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Do Founders Control Start-Up Firms that Go Public?

Do Founders Control Start-Up Firms that Go Public? Jesse Fried, May 2018, Paper, “Startup founders, who generally must cede control to obtain VC financing, are widely believed to regain control in the event of an IPO, à la Facebook’s Mark Zuckerberg. Indeed, the premise that founders expect to be able to reacquire control if there is an IPO underlies the leading finance theory for why venture capital cannot thrive without a robust stock market. But little is known about how frequently founders regain control via IPO. Using a sample of over 18,000 VCbacked firms, we show that founders generally do not reacquire control via IPO. In almost 60% of firms that go public, the founder is no longer CEO at IPO.Link

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Pension Policy and the Financial System

Pension Policy and the Financial System. David Scharfstein, May 2018, Paper, “This paper examines the effect of pension policy on the structure of financial systems around the world. In particular, I explore the hypothesis that policies that promote pension savings also promote the development of capital markets. I present a model that endogenizes the extent to which savings are intermediated through banks or capital markets, and derive implications for corporate finance, household finance, banking, and the size of the financial sector. I then present a number of facts that are broadly consistent with the theory and examine a variety of alternative explanations of my findings.Link

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Trade Invoicing, Bank Funding, and Central Bank Reserve Holdings

Trade Invoicing, Bank Funding, and Central Bank Reserve Holdings. Gita Gopinath, Jeremy Stein, May 2018, Paper, “We develop a model that shows how the currency denomination of a country’s imports influences the funding structure of its banking system, and in turn, the currency composition of its central bank’s reserve holdings. The link between the dollar’s role in bank funding and its role as a central bank reserve currency is stronger when the country’s fiscal capacity is limited, and when exchange rates are volatile. In the data, there is a pronounced cross-country relationship between the fraction of imports that are dollar invoiced, and the fraction of central-bank foreign-exchange reserves that are held in dollars.Link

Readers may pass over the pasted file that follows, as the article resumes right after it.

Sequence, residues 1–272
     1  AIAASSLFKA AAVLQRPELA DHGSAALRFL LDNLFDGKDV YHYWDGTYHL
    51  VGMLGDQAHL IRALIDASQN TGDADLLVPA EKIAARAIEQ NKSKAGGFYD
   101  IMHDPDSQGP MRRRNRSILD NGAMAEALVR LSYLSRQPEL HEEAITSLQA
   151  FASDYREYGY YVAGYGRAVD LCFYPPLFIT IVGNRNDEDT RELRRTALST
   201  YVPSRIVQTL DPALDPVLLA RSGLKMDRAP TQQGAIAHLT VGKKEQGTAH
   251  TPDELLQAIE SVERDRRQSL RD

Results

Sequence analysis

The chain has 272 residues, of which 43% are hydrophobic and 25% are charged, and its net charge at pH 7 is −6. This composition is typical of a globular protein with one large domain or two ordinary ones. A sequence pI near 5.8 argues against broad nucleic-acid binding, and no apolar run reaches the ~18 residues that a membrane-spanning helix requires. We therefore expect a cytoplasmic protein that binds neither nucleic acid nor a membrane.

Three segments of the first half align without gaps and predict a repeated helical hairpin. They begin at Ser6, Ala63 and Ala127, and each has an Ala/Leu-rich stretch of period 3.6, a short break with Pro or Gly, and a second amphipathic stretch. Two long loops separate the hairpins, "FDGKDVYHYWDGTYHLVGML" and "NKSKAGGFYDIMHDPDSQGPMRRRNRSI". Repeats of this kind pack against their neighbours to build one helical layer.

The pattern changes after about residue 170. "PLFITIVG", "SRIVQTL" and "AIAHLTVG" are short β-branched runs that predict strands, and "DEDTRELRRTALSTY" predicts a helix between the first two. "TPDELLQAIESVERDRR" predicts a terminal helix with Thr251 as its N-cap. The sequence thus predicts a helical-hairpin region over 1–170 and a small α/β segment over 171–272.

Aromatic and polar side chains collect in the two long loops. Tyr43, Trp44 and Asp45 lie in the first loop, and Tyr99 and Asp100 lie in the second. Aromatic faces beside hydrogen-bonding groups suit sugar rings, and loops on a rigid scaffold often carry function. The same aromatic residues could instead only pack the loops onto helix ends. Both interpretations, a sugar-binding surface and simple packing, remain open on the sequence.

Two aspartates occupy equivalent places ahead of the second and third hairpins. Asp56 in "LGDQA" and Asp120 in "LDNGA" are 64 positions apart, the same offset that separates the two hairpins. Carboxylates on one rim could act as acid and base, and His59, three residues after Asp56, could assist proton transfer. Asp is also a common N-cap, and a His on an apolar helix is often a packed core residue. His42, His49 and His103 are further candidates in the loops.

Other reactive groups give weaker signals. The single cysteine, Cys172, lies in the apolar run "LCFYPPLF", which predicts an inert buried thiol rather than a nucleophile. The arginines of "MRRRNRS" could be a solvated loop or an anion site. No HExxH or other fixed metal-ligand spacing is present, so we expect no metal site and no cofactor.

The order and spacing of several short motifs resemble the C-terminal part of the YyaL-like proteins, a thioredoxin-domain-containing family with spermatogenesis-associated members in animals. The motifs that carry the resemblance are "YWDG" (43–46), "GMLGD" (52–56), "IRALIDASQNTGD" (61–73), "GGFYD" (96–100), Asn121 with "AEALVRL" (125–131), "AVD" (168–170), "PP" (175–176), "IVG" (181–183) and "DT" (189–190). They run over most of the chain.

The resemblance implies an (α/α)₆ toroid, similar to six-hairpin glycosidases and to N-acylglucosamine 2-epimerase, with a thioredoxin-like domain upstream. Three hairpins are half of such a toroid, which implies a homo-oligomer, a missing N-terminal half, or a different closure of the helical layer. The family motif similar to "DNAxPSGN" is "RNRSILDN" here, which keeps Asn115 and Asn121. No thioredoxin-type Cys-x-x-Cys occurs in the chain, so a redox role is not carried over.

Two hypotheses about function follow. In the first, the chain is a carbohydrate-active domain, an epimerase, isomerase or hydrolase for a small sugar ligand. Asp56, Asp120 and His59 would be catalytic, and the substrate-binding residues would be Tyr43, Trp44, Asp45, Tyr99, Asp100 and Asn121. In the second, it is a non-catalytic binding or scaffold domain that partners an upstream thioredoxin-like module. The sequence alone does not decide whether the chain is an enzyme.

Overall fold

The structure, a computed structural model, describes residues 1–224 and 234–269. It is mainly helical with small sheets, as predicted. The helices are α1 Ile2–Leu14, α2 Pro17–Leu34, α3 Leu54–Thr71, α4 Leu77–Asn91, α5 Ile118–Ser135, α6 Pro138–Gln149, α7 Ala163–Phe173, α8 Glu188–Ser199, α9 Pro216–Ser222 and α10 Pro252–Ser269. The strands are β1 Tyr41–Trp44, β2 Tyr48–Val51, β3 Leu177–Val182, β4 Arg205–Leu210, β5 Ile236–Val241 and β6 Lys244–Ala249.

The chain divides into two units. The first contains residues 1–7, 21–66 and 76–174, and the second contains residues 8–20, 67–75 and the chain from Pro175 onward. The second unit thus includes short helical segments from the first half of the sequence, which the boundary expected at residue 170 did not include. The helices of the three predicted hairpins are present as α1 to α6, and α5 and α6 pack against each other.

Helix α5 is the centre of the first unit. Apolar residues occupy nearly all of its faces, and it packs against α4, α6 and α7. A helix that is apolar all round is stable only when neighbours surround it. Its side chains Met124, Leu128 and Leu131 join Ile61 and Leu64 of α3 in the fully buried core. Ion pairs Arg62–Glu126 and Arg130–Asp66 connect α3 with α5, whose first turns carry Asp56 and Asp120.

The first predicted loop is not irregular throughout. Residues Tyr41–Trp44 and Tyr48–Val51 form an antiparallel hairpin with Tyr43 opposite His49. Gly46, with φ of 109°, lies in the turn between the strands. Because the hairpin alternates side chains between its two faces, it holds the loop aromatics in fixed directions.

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Financing the Response to Climate Change: The Pricing and Ownership of U.S. Green Bonds

Financing the Response to Climate Change: The Pricing and Ownership of U.S. Green Bonds. Malcolm Baker, George Serafeim, April 27, 2018, Paper, “Estimates suggest that mitigating and adapting to climate change will cost trillions of dollars. We study the developing market for green bonds, which are bonds whose proceeds are used for environmentally sensitive purposes. After an overview of the U.S. corporate and municipal green bonds market, we study pricing and ownership patterns of municipal green bonds using a framework that incorporates assets with nonpecuniary
sources of utility. The results support the prediction that green bonds are issued at a premium to otherwise similar ordinary bonds—that is, with lower yields—on an after-tax basis.Link